On the opening page of his official Web site, there's a photo montage of Vince Young looking nearly as invincible as Superman. Football in hand, you get the feeling about the only thing he can't do is fly.
Inside, just past the link to the nearest store selling Vince Young sausage, ribs and brisket, is a spot to download posters of an imposing No. 10 complete with these words of encouragement:
``Believe in yourself.''
Good words to live by, if only life were that easy.
Young once believed in himself, believed so strongly that he won a national championship for the Texas Longhorns with one of the greatest performances ever seen against USC at the Rose Bowl. Down late in the game, he drove his team to two touchdowns, closing both out with scrambling runs into the end zone.
Everyone was a believer then. But somewhere along the slide to mediocrity, the beliefs have been shaken.
Now it's hard to figure out what to believe with Young.
The official word Wednesday out of Nashville was that nothing was wrong with Young other than a sprained left knee that will keep him out of three or four games. There was scant mention that coach Jeff Fisher was so worried about his quarterback's mental health that he sent police out on a search Monday night to try and find him.
This wasn't just a case of a coach wondering whether his quarterback had stumbled off to a strip club. Earlier that day, the Titans had sent a psychologist over to talk to Young at his home, so evidently they were worried even before he went off into the night without his cell phone and with an unloaded gun in his glove compartment.
His agent would downplay it later, saying Young was simply at a friend's house eating chicken wings and watching football. But whatever Fisher told police it was enough for them to send unmarked SWAT units out and call crisis negotiators in.
Those kind of things aren't usually done when someone leaves for a drive and doesn't come home on time. They're usually done when someone is distraught and could hurt himself or others.
in Sunday's game, and that it appeared Fisher had to force him to re-enter the game before he got hurt.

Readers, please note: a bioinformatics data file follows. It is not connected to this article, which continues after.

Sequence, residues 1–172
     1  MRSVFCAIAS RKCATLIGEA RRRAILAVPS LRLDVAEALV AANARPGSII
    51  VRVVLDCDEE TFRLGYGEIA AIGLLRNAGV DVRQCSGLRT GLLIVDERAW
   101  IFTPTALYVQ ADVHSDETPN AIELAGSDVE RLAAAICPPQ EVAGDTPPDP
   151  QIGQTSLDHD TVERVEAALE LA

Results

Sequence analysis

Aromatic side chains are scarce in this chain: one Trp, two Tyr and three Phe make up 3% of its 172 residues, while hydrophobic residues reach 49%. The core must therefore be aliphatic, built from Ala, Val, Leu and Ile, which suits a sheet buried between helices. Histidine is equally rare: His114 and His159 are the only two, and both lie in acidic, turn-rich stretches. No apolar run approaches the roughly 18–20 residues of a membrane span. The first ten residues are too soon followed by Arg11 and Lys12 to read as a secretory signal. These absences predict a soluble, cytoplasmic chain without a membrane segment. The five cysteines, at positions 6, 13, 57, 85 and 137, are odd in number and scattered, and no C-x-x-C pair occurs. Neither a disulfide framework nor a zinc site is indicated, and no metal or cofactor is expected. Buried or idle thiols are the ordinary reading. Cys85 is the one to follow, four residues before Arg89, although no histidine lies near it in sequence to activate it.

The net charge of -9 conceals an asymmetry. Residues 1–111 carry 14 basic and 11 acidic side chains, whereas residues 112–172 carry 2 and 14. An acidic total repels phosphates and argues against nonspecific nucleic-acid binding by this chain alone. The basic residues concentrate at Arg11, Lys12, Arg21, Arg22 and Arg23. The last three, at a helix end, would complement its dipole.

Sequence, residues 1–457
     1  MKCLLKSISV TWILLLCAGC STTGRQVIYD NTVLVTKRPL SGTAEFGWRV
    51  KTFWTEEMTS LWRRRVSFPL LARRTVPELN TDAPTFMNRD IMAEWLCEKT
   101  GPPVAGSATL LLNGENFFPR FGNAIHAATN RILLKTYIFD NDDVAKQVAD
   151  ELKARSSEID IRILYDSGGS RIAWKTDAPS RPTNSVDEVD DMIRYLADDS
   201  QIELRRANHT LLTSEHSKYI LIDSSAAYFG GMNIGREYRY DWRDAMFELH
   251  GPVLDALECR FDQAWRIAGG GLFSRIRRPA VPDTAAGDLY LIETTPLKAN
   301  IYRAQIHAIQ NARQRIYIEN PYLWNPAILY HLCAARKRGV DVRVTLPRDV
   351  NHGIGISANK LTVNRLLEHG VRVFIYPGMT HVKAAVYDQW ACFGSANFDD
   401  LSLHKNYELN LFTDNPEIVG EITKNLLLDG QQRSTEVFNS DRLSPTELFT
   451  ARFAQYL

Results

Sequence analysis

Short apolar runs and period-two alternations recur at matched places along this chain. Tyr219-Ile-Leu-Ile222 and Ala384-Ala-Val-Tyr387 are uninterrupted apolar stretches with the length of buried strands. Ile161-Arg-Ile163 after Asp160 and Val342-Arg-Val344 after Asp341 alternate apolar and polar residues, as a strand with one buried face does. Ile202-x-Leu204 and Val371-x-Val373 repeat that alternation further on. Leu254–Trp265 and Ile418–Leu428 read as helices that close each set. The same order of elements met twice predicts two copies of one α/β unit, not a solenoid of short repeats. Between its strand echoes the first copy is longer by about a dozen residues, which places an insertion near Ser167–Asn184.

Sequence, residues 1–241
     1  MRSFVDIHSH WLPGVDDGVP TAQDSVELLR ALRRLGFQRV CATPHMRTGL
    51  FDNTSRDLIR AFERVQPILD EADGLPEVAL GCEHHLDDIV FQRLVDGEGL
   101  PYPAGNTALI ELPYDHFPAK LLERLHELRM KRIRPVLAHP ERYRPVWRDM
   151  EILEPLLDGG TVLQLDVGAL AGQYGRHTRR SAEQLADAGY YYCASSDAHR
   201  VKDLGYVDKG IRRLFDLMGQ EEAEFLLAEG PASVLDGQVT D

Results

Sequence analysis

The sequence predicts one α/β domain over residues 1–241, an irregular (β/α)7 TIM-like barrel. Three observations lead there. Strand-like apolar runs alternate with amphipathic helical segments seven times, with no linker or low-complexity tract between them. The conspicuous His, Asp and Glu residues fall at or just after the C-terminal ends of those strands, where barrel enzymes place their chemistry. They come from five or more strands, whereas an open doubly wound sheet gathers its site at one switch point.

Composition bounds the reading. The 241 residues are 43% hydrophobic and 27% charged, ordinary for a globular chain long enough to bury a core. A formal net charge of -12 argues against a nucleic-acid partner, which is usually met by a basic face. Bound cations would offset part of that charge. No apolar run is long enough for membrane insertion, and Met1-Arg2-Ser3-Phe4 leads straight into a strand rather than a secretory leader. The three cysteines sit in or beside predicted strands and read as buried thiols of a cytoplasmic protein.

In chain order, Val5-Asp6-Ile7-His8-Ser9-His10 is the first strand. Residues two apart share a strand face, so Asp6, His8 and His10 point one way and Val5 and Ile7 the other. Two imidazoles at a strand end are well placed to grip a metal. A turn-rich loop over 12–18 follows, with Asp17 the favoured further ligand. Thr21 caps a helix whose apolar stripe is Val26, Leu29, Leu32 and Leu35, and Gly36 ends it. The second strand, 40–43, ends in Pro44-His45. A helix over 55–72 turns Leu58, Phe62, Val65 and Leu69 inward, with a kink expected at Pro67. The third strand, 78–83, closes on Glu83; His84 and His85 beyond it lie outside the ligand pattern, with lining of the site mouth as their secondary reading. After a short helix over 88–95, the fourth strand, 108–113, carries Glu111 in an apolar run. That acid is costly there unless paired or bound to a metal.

His mother told The Tennessean that Young was tired of all the negativity and the boos. Felicia Young said her son needed people to give him space and to pray for him.
``It is hard, all he is going through right now. He's hurting inside and out,'' she said.
But it was just a few boos and one lousy game - which the Titans went on to win. What happens if things really go south for Young?
Is a pro athlete with enormous skills and a contract that could bring him $58 million so mentally fragile that it could be dangerous for him to go on the field and perform?
``When you're booed by fans and you already have a negative self image it reinforces it and can make it worse,'' said Dr. JoAnn Dahlkoetter, a sports psychologist in San Carlos, Calif. ``If you have 100,000 people saying the same thing that you're already thinking, it's not a good thing.''
It's true that all we usually see is the upside of being a famous professional athlete. We see the good times, the big money, the fancy Escalades, and the women who always seem to be hanging by the clubhouse gates.
But when things go sour the stark reality of living up to everyone's expectations can be hard to deal with. It's not just the boos, but the feeling that they've failed in something they never once imagined they would ever fail in.
Playing quarterback just exacerbates that. Fans who wouldn't have any clue whether a lineman missed a block or a receiver ran the wrong route are sure they know when a quarterback is good or bad and usually aren't afraid to let him know it.
The quarterback is the first person praised for winning a game and the first one called names for losing one.
The best that can be hoped for Young is that he just had a few bad days and was merely overwhelmed by not playing well in a game he had spent all of training camp preparing for. A few weeks to rest his sprained knee and heal his wounded psyche might be enough to turn things around.
If not, Young's fans might have a lot more to worry about than whether he can get the Titans in the playoffs this year.
Tim Dahlberg is a national sports columnist for The Associated Press. Write to him at tdahlbergap.org

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